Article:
The media has been full of Michael Gove’s plans to reform the private rental sector but also warnings that any more ‘landlord hammering’ will shrink this vital housing market and ultimately hurt tenants.

We talked to a long-standing and experienced lettings agency owner, Lewis Green, to gauge what all this kerfuffle means for his landlords.

Lewis runs St John’s Wood-based North London estate agency Greenstone, which he founded 27 years ago and manages 150 properties in the area and beyond including core postcodes such as Regents Park, Primrose Hill and Maida Vale.

Is the government’s plan to give renters more rights a good one?

“I think tenants already have plenty of rights, so it seems the government doesn’t really understand what’s happening on the ground – ultimately if there’s a breach in the agreement between tenant and landlord so you don’t really want to meddle with that.

“Also, most landlords want tenants to stay as long as possible, pay the rent and look after the property, not turf them out without reason.

“But the proposals will impact the type of landlord who wants to work or travel overseas for a few years, for example, but who would be nervous about going into the marketplace after these changes come in because the tenant will have greater rights to stay in the property.

“And even before the reform proposals were announced, we’d already seen landlords sell their properties because they weren’t enjoying being a landlord any longer – tax benefits have gone, rents dropped dramatically during and after Covid and some tenants weren’t paying their rent – and so on.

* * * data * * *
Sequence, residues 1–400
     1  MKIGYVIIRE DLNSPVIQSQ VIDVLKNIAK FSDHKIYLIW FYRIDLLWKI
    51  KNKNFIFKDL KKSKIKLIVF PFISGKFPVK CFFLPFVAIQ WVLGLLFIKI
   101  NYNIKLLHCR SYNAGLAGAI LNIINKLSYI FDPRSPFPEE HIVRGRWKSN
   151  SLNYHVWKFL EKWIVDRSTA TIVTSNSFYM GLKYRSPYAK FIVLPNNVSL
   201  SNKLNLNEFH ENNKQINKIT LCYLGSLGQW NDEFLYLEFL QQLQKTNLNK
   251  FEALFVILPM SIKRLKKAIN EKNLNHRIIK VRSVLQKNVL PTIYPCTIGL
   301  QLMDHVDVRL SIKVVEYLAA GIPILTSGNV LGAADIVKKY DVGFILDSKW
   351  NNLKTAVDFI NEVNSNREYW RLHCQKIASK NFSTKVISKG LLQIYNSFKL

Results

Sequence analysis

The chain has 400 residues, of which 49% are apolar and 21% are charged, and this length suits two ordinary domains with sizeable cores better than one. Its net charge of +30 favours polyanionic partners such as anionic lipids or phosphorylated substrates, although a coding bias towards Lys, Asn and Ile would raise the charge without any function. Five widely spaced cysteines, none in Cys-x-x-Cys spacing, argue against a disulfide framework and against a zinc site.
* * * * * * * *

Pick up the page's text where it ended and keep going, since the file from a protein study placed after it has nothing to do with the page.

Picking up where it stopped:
“I think we’ll see more landlords selling up and even less stock going forward, which ultimately is going to make it more difficult for people who want or have to rent.”

Are landlords still buying properties in your patch?

“No not really – areas like this are only attractive to those looking for long-term capital growth because the monthly rent only just covers the mortgage and running costs – no one earns a living in this kind of area.”

If rising inflation a worry?

“It’s eating away at confidence but not for the reasons you might expect – I recently showed a mixed-use residential/restaurant unit that offered a 5% gross return on income but clients told me that, with inflation at 9%, it didn’t make sense at the moment, particularly if interest rates begin to rise.”